by Fred Lynch, near Boston Massachusetts
A big part of sketching is timing. Inspiration has much to do with being at the right place - at the right time. Turning a corner can cause your heart to skip a beat, from the view. But, love can be fleeting.
I often tell my students of the time I found a roundish car under a series of arches (see below). It was such a wonderful composition, and I found it so irresistable, that I had to stop everything, and draw. However, I was very fearful that this perfect car, in its perfect place, would leave me! It looked like it was hastily parked - perhaps illegally (not uncommon in Italy). So, I followed a rule of many sketchers - that is, to draw first, the things that could move from your scene. The only problem being that I prefer to draw slowly, and that I tend to work everything on the page at once - going from the general to the specific. That made for a stressful drawing for me.
In time, however, I had captured the car, and everything else. I walked away proud of what I'd caught. Nothing had escaped. The car never moved.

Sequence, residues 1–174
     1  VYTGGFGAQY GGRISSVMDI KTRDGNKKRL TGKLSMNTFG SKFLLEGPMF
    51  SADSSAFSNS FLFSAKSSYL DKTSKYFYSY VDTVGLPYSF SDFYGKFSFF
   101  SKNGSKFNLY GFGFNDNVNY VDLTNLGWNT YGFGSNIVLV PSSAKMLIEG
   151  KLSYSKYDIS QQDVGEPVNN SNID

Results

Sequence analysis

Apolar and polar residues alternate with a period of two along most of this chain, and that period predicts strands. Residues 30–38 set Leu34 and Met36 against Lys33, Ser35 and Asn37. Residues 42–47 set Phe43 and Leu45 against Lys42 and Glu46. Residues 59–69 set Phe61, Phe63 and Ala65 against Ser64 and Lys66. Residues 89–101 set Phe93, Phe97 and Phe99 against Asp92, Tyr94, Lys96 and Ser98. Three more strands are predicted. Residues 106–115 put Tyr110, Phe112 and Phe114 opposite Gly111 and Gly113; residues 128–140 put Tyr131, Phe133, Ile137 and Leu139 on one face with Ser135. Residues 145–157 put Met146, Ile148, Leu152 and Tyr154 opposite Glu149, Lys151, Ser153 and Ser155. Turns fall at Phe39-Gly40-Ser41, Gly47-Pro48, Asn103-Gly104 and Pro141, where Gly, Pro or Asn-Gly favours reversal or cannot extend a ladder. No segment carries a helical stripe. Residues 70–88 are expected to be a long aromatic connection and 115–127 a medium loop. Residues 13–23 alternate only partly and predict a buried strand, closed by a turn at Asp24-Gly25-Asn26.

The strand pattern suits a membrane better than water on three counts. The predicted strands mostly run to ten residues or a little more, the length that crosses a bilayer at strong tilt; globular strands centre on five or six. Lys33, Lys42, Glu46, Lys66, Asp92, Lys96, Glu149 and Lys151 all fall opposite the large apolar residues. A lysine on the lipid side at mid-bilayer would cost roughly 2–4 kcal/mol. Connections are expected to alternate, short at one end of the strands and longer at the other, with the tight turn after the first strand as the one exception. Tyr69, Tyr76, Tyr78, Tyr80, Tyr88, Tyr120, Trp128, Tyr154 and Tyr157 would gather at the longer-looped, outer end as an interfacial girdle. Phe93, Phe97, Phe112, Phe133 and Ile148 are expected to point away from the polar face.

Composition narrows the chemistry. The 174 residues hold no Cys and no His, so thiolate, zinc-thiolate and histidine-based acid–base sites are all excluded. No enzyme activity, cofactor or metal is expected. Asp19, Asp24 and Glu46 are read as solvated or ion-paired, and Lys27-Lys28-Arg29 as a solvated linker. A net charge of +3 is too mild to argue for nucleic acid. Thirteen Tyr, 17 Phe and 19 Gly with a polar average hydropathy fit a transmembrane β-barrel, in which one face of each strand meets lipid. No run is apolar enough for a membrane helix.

That was one of the early years that I travelled to Viterbo, Italy (to teach). Now that I've gone many times, I know that that car is ALWAYS there! That's its spot! I've seldom walked by that street, which I pass often, without the car being there. Which leads me to my new drawing.
It's been said that re-reading a book can be even more pleasurable than reading it. When we experience something a second time, or at a later time, we come to enjoy it differently, or more deeply. I've wondered recently if in drawing, that is true as well. Personally, I prefer to not repeat myself. I'm perfectly comfortable with variations of similar things in my art, but to me, sameness, or formula, is a great fear - a sign of stagnation, I suppose. For me, each drawing needs to be a new drawing. It needs to have a new reason for being.
Last year, walking around Viterbo, I bumped into one of my old friends - a beautiful old Cinquecento, sitting just where I left it years ago. Unexpectedly falling in love all over again, I sat to redraw the scene, from almost the same spot. This time, I drew larger, longer, and with ink, rather than ballpoint pen. But it was almost the same picture and almost the same time of day. Thankfully, soon after starting, a woman in a white dress (matching the car), stopped at the other end of the street long enough for me to capture her on the page, and by doing so, to change the concept of the work. The two bright characters made a lovely pair - a visual relationship. And it forced me to use every bit of courage to NOT draw the level of detail in this piece, as I'm prone to do - and saving all my love for the couple in white.